SHERIFF TOM ALLMAN said Wednesday that the “internal investigation” he launched in the wake of a multifaceted federal pot raid on property owned by the family of his Under-Sheriff, Randy Johnson, is now complete. Allman said he was reviewing the report and wouldn't be prepared to discuss it until Friday. The Sheriff said preliminarily that it didn't contain any “surprises.”
SKEPTICS point out that Mendocino County has before gone to the friendlies next door when the Mendo Sheriff's Department has felt compelled to appear in need of an objective assessment of in-house functioning. The Department's friends at Sonoma County have invariably reported back that everything in Mendo is as it should be.
ALLMAN has said he went to Sonoma County in the Johnson matter because the feds were “stonewalling” him, not telling Allman what the federal investigation of aspects of Department matters had found. That federal investigation is apparently ongoing and has expanded beyond Johnson with a subpoena demanding all Mendocino County records related to Mendocino County's now abandoned pot licensing program.
THE RAID on the Johnson property, a 16-acre former summer resort converted to rentals off Highway 20 near Potter Valley, was carried out by the DEA, the IRS and the FBI. Under-Sheriff Johnson lives on a non-pot-producing parcel next door. He was also the sign-off guy for the County's zip-ties and collective grows, whereby pot producers bought permissions to grow.
DEPUTY DUENAS, the Sonoma County cop who conducted the Johnson investigation at Allman’s request, was the cop who worked with Detective Roy Gourley (a former Mendocino County deputy) on the “independent investigation” of the murder of Deputy Bob Davis during the high-profile Bear Lincoln Trial back in 1997. During the weeks-long trial (two years after the original incident), Lincoln’s attorney Tony Serra brought out Duenas’s role in altering Deputy Dennis Miller’s testimony (Deputy Miller was the surviving deputy in the incident which ended with the deaths of Lincoln’s friend Leonard Peters and Deputy Bob Davis on the edge of Round Valley on a cloudy night on April 14). Another interesting connection is that Sheriff Allman was the Willits-based Sergeant in charge of Davis and Miller when Davis was shot and killed. Once the fact that Miller had changed his testimony to fit the post-incident evidence came out, the jury found him to be less than credible and Lincoln was ultimately acquitted, largely because the jury didn’t believe Miller’s version of events. According to the Lincoln trial transcript, Tony Serra summed up the April 18, 1995 conversation (and resultant testimony) between Duenas and Miller this way:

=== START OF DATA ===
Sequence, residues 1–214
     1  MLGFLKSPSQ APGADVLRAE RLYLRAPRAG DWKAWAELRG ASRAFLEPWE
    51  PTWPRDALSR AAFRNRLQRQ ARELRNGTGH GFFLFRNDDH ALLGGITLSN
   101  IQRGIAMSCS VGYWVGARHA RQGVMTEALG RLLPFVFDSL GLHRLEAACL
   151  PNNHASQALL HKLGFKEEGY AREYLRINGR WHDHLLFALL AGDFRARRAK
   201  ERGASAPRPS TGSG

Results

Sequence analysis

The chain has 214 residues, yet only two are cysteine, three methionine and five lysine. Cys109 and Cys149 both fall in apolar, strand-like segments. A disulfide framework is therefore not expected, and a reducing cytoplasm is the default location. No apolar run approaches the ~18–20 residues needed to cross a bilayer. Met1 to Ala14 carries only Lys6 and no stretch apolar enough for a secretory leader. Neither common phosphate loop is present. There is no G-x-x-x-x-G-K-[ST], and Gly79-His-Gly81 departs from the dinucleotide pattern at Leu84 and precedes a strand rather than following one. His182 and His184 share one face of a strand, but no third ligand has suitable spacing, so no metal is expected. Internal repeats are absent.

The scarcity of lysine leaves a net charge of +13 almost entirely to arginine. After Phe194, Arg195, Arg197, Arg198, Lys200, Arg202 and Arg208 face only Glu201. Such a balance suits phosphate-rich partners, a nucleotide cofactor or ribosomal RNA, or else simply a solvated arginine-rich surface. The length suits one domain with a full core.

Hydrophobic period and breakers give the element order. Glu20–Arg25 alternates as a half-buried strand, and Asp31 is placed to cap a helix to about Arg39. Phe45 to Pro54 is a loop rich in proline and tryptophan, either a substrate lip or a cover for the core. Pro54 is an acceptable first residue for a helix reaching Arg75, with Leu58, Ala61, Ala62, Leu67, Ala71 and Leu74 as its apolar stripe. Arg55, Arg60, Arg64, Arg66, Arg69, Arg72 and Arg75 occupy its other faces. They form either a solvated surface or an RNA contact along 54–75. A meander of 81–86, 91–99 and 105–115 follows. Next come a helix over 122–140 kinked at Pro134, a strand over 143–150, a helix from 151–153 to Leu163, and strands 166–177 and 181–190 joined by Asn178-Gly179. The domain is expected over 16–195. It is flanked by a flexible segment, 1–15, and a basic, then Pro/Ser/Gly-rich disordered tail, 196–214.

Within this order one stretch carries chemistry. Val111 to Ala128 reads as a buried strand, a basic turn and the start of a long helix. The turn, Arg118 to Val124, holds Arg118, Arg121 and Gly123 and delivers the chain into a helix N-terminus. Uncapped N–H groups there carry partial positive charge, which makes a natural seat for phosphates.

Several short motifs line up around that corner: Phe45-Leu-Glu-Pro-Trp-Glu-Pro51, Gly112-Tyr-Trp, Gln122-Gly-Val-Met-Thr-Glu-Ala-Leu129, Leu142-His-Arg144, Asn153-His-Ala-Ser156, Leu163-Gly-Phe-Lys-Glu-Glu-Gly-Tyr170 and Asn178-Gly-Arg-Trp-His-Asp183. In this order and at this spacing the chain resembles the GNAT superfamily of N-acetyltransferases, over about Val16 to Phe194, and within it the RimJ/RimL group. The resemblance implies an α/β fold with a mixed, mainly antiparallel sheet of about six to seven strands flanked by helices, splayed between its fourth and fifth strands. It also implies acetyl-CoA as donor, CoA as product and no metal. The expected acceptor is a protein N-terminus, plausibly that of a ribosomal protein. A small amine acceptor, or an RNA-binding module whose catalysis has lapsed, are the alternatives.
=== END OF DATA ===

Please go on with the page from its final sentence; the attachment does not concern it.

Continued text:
Second, what I'll call is a big lie, I'm just trying to say, you know, he [the prosecutor] wants to make it credibility. On the 18th is when we have the first version of the second story about Peters. And recall he's [Miller’s] rehabilitating. He's at his ex-wife's house, he's on, I don't know, disability or something, he's not working. And out of the blue he says or he agrees Duenas calls him. He didn't expect a call, he hadn't been told by anybody that Duenas was calling. First thing he says practically, Duenas says, now ‘I remember now there was two (calls). Rather odd way to start a conversation.’ (Serra reads from the trial transcript.)
’How long was the conversation?’
’Well it's all been recording.’
’Yes, I’ve seen the recording. About five minutes?’
‘Yeah, it's about five minutes.’
And Miller is asked ‘Are you sure that you didn't have any pre-knowledge that someone was going to call you? Didn't he call before?’
And he says, ‘No, no, no.’
So way at the end just last week or the week before we found out that that call was his call to Duenas, not the other way around. He [Miller] called Duenas. That's what Duenas testified. That's what the record showed. And that Duenas said that Gourley had called him and talked with him. He wasn't privy to what Gourley told him. And then Miller called Duenas. But worse than that, the call was 15 minutes, , almost 15 minutes. We only had five minutes recorded. And we asked Duenas, ‘Well, what five minutes did you record?’
‘I recorded the middle five.’ … ‘I talked to him for five, recorded five, talked to him for five more.’ This is after Gourley had talked with him.
Use your sophistication, use your logic, use your common sense. Gourley gets him, hey man, the story you told us doesn't work, ballistics come back, he didn't fire his gun. Your story says he fired twice. You're in, you know, deep, whatever.